Josh Kurtz: A Man in Full (Almost)

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By Josh Kurtz: 

A glorious week with no news -- far enough away from civilization that the technology wouldn’t allow news consumption even if I wanted it to -- and upon plugging back in I discover that Martin O’Malley has all but declared his candidacy for president.

I first hear of this from my friend Steven, an e-book publisher in Florida but an old political hand whose resume includes Dukakis for President 1988 and Jerry Brown for President 1992 -- not to mention an unsuccessful run for lieutenant governor of New Mexico. 

Steven’s email comes with a simple subject line -- ? -- and a link to a Time magazine interview with O’Malley from the National Governors Association conference in Milwaukee, in which our governor outlines his rationale for a White House bid -- and says he’s closing in on a decision to run.

“By the end of this year I think we’re on course to have a body of work that lays the framework for a candidacy in 2016,” he says.

I interpret the question mark in Steven’s email as an entreaty to explain -- explain why a guy he’s barely heard of thinks he’s qualified to lead the free world. So, Steven and readers, let me try.

Like it or not, O’Malley -- as he himself noted in his latest round of interviews with national media -- has a record of accomplishment. It is not without its blemishes -- the Baltimore city jail scandal will bite, and Maryland, it seems, will soon have a casino on every corner -- but it’s the kind of record that will appeal to progressive voters in places like Iowa and New Hampshire.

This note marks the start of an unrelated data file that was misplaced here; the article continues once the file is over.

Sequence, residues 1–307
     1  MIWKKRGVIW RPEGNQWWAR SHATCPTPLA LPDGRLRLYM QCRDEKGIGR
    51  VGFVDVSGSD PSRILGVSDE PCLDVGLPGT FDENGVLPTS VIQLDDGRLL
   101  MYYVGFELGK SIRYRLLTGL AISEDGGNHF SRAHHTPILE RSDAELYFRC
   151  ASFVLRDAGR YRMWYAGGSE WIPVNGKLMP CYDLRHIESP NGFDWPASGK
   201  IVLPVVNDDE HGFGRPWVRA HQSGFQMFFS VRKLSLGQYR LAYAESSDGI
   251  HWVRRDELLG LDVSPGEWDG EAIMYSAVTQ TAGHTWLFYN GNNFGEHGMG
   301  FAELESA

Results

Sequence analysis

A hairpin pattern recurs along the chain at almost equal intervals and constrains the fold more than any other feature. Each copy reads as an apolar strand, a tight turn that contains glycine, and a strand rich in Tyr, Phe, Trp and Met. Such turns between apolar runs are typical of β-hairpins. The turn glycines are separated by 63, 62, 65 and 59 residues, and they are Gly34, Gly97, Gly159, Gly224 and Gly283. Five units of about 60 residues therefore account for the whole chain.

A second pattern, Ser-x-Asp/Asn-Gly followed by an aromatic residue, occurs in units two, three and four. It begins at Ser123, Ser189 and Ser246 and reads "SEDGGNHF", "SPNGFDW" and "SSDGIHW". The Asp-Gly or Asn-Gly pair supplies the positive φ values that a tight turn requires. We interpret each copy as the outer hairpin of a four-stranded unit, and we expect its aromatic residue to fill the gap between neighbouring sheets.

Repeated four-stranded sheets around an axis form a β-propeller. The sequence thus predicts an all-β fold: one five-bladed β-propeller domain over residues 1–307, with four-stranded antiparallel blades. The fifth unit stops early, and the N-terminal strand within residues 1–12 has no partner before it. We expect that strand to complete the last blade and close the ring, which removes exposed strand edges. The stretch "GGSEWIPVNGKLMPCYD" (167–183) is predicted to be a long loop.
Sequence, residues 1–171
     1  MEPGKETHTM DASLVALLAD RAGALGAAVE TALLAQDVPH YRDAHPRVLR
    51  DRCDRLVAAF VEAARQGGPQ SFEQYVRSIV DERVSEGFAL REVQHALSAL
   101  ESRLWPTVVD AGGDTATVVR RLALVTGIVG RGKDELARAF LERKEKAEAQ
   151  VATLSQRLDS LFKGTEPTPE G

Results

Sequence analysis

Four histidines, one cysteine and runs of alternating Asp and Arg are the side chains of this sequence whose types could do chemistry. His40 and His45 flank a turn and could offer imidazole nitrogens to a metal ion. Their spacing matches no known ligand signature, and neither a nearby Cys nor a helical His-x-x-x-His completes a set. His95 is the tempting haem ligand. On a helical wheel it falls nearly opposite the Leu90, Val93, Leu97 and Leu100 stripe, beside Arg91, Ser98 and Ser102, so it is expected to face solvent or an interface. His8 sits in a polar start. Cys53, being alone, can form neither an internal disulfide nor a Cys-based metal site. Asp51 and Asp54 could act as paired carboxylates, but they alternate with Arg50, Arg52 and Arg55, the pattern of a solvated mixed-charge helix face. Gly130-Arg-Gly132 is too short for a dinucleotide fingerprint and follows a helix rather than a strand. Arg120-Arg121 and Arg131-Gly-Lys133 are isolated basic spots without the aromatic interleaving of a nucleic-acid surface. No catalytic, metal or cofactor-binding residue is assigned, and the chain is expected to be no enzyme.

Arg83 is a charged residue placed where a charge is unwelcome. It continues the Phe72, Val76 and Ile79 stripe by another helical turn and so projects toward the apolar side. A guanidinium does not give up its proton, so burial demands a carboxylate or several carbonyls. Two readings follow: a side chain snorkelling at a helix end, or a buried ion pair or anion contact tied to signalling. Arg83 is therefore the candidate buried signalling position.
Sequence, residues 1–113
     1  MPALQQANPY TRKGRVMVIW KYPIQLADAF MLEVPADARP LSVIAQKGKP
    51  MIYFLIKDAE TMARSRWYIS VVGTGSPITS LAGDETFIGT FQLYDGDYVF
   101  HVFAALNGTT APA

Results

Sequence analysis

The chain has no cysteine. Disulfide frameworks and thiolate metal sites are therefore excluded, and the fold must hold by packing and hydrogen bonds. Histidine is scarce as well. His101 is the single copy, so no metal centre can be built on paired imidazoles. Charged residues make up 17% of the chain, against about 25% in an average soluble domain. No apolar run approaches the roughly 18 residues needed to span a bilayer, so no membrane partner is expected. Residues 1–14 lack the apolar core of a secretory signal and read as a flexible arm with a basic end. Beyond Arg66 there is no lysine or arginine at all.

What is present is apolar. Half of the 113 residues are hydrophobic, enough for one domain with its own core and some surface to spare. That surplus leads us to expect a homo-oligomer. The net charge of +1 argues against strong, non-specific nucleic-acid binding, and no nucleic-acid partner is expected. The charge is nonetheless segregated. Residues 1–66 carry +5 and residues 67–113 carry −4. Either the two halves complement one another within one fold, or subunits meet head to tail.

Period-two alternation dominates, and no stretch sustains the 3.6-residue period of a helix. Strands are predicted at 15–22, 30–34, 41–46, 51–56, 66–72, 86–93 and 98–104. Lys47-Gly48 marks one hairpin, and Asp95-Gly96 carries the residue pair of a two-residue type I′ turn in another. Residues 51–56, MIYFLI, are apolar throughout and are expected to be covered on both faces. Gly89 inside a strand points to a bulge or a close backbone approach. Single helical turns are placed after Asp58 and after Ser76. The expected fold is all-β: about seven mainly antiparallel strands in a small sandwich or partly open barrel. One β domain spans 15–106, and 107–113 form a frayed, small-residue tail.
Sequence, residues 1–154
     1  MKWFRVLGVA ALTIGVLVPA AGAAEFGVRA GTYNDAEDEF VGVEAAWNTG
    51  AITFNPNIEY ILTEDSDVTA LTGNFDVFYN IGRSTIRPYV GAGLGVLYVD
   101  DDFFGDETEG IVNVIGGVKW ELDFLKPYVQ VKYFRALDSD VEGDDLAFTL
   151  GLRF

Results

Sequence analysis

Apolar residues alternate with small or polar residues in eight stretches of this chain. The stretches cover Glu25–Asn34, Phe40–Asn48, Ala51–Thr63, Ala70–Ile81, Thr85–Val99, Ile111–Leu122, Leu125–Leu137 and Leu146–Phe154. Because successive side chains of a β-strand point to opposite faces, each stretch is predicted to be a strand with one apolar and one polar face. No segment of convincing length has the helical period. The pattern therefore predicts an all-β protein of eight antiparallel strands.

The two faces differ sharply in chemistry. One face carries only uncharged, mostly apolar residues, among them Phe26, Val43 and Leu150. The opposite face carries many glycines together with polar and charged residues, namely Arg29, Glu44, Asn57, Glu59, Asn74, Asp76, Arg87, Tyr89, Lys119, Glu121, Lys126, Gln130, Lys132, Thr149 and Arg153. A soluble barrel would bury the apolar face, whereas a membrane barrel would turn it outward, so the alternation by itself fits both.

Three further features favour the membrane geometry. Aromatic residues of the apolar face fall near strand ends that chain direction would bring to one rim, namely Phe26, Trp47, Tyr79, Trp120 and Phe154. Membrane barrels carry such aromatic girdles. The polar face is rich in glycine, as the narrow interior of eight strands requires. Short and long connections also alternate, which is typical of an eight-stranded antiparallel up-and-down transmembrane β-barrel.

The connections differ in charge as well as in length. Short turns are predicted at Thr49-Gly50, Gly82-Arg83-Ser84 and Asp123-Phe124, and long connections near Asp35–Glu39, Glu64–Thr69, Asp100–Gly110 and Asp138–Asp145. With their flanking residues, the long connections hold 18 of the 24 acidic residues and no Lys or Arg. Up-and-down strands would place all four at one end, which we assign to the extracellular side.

In times of fiscal austerity in Washington and in many state capitals, Maryland has spent liberally on education and is preparing to do so on transportation and infrastructure.

During O’Malley’s tenure, Maryland has passed gay marriage and the DREAM Act -- both ratified by voters -- eliminated capital punishment and enacted new gun control laws. He’s pushed measures to encourage the use of renewable fuels and fight climate change. His administration is implementing Obamacare in smart and innovative ways.

All of this liberal policy has been delivered with a dollop of accountability -- the State Stat program designed to measure progress of various government initiatives. O’Malley also has his crime-fighting tenure as mayor of Baltimore to boast about -- few presidential candidates are as closely identified with urban politics as O’Malley -- and that’s also an asset in Democratic primaries.

It’s a record, by design or not, that will excite core Democratic constituencies. But it’s also a record of substance. That won’t blunt critics or oppo researchers, but substance rarely hurts.